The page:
News

Professor Chris Dickman awarded NSW Scientist of the Year for Biology



22 September 2010

 Professor Chris Dickman named 2010 NSW Scientist of the Year in the 'Plant and Animals' category
Professor Chris Dickman named 2010 NSW Scientist of the Year in the 'Plant and Animals' category

The School of Biological Sciences' Professor Chris Dickman has been named NSW Scientist of the Year in the "Plant and Animal Sciences" category for dedicated investigation into threats faced by NSW wildlife and achieving practical conservation outcomes in restoring biodiversity.

Professor Dickman is the second scientist from the School of Biological Sciences to win the "Plant and Animal Sciences" category of the NSW Scientist of the Year Award in the competition's three-year history. Professor Steve Simpson won the category in 2009 for his research into locust swarming and nutrition.

The prestigious title is awarded by the NSW Office of Science and Medical Research to recognise "high calibre research that brings benefits to the state's economy, environment and people," said Jodi McKay, NSW Minister for Science and Research, who named the winners at an award ceremony on 15 September.

Professor Dickman said he was humbled and proud to win the award.

"I was stunned to get the news about this award. There are many outstanding life scientists working in New South Wales, so even being considered for an award of this kind is a great honour."

Professor Dickman, who holds a personal Chair in Terrestrial Ecology and is Director of the Institute of Wildlife Research, has conducted long-term research into the factors influencing the distribution and abundance of land animals. Using this understanding of ecology, Professor Dickman has taken a holistic approach in developing environmental management plans to protect threatened species and maintain biodiversity in NSW.

For example, with colleagues, he is pioneering novel methods to recover native species using competitive replacement (using native rats to reduce populations of introduced rats around Sydney Harbour) and top predators (using dingoes to mitigate the damaging effect of feral animals on native populations in western NSW).

He was instrumental in completing the first baseline survey of the status of vertebrate animals and other biota in NSW, and in listing the key threats that they face. In seeking to combat these threats and recover biodiversity, he showed that restricting land clearing would conserve 1.4 million native mammals a year and developed innovative tools to identify native species and places where they risk depredation by red foxes and feral cats.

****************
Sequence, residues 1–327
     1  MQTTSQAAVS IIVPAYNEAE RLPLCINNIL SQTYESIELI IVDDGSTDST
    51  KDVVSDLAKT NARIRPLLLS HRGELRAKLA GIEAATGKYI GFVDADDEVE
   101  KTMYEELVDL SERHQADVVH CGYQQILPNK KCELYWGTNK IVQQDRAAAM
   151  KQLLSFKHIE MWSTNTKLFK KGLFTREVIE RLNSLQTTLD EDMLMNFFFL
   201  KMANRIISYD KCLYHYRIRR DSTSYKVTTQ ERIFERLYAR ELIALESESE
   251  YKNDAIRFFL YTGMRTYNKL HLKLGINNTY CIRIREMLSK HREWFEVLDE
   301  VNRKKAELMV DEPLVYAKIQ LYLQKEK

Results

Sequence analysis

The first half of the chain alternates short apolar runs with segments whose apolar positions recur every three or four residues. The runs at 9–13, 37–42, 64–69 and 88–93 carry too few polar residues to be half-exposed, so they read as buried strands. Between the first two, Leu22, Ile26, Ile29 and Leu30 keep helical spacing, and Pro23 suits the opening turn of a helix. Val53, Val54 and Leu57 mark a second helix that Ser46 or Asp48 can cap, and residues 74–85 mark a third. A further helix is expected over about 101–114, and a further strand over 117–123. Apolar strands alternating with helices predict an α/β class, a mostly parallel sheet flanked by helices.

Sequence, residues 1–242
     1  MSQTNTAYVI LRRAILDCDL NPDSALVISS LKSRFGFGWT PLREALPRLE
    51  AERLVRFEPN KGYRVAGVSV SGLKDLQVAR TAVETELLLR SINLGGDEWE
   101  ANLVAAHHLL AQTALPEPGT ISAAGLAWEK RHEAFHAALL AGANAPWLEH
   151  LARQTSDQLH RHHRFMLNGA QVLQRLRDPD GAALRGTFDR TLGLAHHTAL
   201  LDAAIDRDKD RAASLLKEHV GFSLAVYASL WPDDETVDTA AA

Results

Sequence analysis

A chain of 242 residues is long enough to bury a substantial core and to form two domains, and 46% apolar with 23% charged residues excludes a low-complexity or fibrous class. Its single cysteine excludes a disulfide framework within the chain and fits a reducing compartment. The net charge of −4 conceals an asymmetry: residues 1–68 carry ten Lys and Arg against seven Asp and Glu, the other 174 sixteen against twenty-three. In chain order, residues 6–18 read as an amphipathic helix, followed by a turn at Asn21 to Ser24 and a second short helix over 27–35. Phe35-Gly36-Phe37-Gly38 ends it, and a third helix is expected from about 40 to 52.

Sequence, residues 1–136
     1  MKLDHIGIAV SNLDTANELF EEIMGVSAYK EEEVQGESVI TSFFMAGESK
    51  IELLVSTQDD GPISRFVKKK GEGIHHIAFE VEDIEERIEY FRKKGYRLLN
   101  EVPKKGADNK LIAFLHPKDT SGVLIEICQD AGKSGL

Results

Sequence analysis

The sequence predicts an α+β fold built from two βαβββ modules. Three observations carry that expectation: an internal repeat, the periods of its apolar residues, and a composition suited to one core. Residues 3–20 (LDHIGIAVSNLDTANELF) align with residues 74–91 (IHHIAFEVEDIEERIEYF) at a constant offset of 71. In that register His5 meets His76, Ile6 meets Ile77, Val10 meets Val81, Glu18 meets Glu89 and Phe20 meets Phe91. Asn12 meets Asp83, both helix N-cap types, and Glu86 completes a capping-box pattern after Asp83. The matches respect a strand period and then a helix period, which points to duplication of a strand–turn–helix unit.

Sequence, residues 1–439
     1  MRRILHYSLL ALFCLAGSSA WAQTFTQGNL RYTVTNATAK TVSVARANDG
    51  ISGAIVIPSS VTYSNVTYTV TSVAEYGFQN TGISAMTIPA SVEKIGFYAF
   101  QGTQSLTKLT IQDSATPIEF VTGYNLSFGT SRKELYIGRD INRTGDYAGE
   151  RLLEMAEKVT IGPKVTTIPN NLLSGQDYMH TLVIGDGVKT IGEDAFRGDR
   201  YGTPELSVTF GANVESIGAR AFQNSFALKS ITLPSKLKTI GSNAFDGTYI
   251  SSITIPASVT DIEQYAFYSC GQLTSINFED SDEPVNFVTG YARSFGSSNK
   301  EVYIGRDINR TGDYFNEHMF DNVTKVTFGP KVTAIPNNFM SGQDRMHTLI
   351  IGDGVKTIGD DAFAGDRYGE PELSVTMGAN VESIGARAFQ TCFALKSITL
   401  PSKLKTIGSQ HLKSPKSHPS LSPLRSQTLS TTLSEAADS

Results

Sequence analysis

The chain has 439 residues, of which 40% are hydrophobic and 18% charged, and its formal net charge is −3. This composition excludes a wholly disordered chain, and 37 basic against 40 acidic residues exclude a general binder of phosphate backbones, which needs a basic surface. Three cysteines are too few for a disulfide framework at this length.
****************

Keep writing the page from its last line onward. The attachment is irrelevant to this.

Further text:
Professor Dickman said that while NSW wildlife faced many threats, there is still hope for achieving conservation goals.

"Like many parts of Australia, the terrestrial environment of New South Wales has been changed and degraded over the last two centuries, and this has had dramatic and negative effects on the native biota.

"But many pockets of biodiversity remain, and one of the great things about being an ecologist is that you get the opportunity to investigate the factors that promote biodiversity and explore ways that we can best protect it.

"There are some fantastic places in the rangelands, Great Eastern ranges and coastal areas of New South Wales - doing field work in these places is always a joy."

Professor Dickman thanked the many people who have supported and collaborated with him throughout this career for being instrumental in his success.

"Of course, any research that asks big picture questions about biological diversity, ecological processes and the functioning of natural systems can only be carried out by teams of people in a supportive environment.

"I am indebted to my friends and colleagues in the School and elsewhere for their support over many years, and also to the School and Faculty for providing an environment in which stimulating research can be carried out. The award is really one that we all share."

Professor Dickman was one of three University of Sydney scientists to win titles in the 2010 NSW Scientist of the Year Awards. Professor Bryan Gaensler, from the School of Physics, won the "Physics, Earth Sciences, Chemistry and Astronomy" category and Professor Hugh Durrant-Whyte, from the School of Aerospace, Mechanical and Mechatronic Engineering, won the overall title of NSW Scientist of the Year.

Read more about the NSW Scientist of the Year Award, including a full list of 2010 finalists and category winners here.